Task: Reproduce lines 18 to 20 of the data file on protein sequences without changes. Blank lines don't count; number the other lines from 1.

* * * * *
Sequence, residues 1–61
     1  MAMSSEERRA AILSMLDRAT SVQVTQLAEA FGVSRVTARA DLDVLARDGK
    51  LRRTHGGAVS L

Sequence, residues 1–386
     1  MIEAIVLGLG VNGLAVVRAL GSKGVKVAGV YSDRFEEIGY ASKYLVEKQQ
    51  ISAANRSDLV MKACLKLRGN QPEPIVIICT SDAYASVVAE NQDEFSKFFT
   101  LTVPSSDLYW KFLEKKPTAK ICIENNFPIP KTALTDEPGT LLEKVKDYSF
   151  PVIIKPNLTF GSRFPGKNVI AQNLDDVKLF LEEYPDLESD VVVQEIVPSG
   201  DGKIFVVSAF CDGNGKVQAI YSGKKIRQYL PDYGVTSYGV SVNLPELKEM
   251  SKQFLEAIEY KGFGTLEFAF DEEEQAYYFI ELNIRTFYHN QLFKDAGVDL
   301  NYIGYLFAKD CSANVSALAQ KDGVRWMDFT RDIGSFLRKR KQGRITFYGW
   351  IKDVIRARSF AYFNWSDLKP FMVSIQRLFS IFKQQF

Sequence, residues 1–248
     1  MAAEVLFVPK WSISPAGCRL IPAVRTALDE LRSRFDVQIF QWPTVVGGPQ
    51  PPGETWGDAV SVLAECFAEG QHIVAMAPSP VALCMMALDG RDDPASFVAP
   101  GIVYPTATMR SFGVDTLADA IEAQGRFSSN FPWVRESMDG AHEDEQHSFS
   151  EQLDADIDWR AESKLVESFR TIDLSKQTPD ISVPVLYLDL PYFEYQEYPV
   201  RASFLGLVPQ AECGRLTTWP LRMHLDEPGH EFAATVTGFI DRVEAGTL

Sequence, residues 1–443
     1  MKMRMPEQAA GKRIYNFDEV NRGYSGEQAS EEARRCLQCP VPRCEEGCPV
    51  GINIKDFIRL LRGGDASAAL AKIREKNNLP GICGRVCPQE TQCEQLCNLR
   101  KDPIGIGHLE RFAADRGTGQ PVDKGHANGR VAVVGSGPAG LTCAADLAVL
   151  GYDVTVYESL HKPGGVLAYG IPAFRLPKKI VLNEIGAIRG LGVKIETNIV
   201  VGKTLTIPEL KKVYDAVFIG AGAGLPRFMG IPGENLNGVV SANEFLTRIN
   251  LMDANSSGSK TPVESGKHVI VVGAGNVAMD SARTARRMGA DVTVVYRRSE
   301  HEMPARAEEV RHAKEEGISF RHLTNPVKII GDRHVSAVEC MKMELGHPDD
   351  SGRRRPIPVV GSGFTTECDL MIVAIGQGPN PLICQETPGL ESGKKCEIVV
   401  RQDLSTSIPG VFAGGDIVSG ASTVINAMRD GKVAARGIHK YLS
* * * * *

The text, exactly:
   201  RASFLGLVPQ AECGRLTTWP LRMHLDEPGH EFAATVTGFI DRVEAGTL

Sequence, residues 1–443
     1  MKMRMPEQAA GKRIYNFDEV NRGYSGEQAS EEARRCLQCP VPRCEEGCPV